Access to Justice and Digitalisation – a Nordic perspective

Digitalisation can challenge fundamental principles of the rule of law, with a focus on Denmark.

Summary: Public administration in the Nordic states is highly digitalised.Due to the historical development of the Nordic welfare states, is often obtained through administrative procedures rather than independent courts. This system lends itself to the digitalisation of legal processes, which are already highly structured via a central system. However, this does not mean that both the digitalised processes and outcomes always boost access to justice, and they can have the opposite effect.

Access to justice is closely related and interlinked with the state and the rule of law. A prominent and common feature is a strong focus on the court system and the role of independent courts in maintaining the core values and ideals of the rule of law. The courts ensure that the legislature stays within the framework of the Constitution, and access to a fair trial is a fundamental – even a human – right.

What does access to justice mean?

The concept of access to justice is not clear and unequivocal, and the understanding of both “justice” and “access” varies over time and in different contexts. It includes a series of fundamental issues that are of great importance not only for lawyers and judges but also for all citizens and for society as a whole. That said, there are some basic tenets that are key the world over.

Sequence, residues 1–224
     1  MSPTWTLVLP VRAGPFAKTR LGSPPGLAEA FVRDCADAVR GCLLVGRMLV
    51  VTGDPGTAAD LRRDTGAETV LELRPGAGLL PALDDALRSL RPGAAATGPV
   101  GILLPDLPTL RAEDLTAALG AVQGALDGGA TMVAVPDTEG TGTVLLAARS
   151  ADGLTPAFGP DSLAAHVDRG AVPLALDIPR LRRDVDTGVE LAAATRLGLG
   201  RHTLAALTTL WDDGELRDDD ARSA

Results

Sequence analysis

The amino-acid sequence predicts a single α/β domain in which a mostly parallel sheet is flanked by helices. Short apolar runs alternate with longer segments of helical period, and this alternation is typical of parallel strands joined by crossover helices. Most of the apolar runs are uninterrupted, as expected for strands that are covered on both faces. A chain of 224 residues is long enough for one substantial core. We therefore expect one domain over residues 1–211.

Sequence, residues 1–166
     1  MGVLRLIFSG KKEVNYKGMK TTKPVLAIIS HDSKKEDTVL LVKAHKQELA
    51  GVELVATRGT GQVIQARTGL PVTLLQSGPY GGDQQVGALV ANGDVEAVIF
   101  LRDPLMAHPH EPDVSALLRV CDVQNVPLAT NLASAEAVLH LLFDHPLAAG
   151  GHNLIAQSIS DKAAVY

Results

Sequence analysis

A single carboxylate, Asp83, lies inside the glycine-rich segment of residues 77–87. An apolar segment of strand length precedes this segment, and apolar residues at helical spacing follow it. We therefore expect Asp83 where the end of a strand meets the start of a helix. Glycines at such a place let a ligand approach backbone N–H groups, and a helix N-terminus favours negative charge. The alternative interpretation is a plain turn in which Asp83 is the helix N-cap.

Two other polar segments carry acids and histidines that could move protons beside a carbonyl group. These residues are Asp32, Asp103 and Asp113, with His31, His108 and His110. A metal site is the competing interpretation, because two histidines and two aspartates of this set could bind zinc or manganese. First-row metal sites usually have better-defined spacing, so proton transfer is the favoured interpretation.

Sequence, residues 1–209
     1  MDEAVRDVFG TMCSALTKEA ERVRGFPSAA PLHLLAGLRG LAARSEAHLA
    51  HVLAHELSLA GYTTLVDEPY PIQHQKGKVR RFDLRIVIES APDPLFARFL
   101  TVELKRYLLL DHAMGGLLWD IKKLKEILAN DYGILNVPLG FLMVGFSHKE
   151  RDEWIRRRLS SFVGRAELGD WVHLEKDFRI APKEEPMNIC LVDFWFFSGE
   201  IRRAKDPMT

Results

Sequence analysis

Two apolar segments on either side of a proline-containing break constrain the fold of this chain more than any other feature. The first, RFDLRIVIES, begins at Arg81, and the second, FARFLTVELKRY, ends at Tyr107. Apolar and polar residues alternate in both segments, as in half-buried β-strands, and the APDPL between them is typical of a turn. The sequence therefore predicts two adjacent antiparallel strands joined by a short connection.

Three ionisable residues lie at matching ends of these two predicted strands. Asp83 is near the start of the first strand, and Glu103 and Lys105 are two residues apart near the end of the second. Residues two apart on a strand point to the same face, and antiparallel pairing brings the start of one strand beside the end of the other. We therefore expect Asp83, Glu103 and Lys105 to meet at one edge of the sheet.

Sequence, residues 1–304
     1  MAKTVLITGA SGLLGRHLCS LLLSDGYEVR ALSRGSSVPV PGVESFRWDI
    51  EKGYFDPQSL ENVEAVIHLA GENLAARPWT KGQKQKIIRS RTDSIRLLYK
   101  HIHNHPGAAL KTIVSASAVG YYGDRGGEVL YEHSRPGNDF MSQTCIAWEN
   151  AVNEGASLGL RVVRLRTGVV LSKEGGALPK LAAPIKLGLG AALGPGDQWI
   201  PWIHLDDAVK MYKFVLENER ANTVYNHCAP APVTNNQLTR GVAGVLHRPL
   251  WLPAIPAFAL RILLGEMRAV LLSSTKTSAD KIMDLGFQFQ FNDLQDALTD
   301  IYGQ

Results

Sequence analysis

“Justice” usually includes elements such as equality before the law, which means that all citizens must be treated equally. Another prominent element is fairness, which includes both substantial fairness, in the sense of reaching the legally correct decision (the result), and procedural fairness, with a series of legal requirements for how concrete cases are handled. Justice also presupposes respect for a citizen’s individual rights, including the constitutional freedoms such as the freedom of speech, freedom of assembly, freedom of belief etc.

In a rule-of-law state, the courts are perceived as the primary safeguard against abuse of power. Thus, “access” to justice is inextricably linked with access to the courts. The citizens must be able to address infringements of rights and defend themselves in criminal proceedings.

In a broader perspective, access to justice can be understood as:

the means through which individuals or groups solve legal problems.